More information about specific speakers and sessions is available here.

Image : ‘Show Me Your Library Card – downloadable+audiobooks+and+eBooks

flickr.com/photos/42437434@N00/5014437293

Are you Connected?

If you are one of those people who has heard a lot about PLNs, PLCs, nings, Twitter, etc. and you’re thinking that maybe the upcoming school year is the chance for you to dip your toes in the water so to speak, there are lots of opportunities just waiting for you!  It seems like every day I get notification of at least a couple of ways to grow as a professional and to connect with others and learn new things.  Over the next few posts I’ll share a few that sound intriguing. Here’s the first, from Lisa Schmucki (lisa@edweb.net) on behalf of edWeb:

The US Department of Education has declared August Connected Educator Month, aimed at broadening and deepening educator participation in online communities and networks while providing opportunities for education leaders to work together to move forward faster.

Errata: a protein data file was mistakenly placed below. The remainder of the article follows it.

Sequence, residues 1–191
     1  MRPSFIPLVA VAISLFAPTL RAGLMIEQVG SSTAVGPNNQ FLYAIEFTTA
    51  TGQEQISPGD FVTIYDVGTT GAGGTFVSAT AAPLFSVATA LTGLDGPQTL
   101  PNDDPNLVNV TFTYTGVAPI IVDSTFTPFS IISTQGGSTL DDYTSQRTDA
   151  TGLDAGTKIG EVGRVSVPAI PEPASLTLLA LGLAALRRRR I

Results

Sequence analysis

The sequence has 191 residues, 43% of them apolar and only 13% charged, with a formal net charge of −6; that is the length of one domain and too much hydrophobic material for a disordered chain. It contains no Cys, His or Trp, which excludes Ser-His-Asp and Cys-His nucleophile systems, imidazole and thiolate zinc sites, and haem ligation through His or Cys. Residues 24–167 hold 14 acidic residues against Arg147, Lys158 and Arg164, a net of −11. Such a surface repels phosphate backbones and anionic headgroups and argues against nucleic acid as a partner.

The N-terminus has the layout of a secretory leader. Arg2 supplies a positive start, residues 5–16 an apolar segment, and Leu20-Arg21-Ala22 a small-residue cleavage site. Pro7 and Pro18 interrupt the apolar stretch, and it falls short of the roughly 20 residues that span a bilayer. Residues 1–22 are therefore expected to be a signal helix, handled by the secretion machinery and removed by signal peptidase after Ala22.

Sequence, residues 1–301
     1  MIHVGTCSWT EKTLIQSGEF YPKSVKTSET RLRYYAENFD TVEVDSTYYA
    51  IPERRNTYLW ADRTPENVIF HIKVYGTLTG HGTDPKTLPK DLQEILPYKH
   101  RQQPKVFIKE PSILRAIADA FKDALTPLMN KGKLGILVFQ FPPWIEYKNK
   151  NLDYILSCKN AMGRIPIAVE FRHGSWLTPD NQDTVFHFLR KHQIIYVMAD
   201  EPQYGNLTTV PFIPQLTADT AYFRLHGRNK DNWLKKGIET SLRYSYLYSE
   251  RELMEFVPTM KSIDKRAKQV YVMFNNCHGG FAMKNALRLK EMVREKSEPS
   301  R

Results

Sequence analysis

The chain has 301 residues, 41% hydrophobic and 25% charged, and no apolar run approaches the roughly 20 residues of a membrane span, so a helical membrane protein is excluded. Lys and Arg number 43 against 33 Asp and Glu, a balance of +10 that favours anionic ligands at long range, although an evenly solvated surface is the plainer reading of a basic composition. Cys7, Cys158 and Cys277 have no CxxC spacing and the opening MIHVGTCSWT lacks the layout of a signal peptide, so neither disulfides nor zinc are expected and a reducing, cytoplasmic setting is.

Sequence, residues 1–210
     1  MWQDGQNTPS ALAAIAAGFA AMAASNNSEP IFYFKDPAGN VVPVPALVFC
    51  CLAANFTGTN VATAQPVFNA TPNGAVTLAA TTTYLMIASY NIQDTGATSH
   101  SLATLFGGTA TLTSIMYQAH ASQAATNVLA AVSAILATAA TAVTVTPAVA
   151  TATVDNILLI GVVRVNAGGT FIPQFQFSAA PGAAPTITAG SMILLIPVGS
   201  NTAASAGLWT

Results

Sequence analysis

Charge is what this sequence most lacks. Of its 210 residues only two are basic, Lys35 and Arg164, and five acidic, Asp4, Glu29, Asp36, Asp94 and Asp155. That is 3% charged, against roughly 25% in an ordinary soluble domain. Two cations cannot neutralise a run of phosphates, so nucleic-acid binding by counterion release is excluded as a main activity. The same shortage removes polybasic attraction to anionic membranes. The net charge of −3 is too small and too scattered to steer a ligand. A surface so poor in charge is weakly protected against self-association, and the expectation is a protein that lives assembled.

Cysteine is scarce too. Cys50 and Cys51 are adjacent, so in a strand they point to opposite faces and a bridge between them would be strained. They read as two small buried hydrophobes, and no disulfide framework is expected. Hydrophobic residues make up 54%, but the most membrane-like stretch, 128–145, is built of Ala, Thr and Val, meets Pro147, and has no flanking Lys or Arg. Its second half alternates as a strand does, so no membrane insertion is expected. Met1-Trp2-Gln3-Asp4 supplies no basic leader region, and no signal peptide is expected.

I hope you’ll join in this celebration of how the power of online communities can improve teaching and learning. Join in a month of online events and activities, including forums, webinars, guided tours, open houses, contests, badges, and more–sponsored by more than 60 major national education organizations, communities, and companies, including edWeb!

All of our edWeb events in August will be celebrating connected educators!  Check out the calendarand join in the many special activities being held this month.  Join our community on edWeb Connected Educators to received notices about all edWeb events.

Don’t miss the Learning 2.0 Conference!

edWeb is delighted to be a sponsor of the Learning 2.0 Conference, a free worldwide virtual event from August 20 – 24, 2012 that is being held in conjunction with Connected Educator Month.  This is a great chance to participate (and present or volunteer!) in a global conversation, with educators all over the world.  Join the conversation on rethinking teaching and learning in the age of the Internet. Subject strands include changes in the classroom, student learning, professional development, school environments, and pedagogy.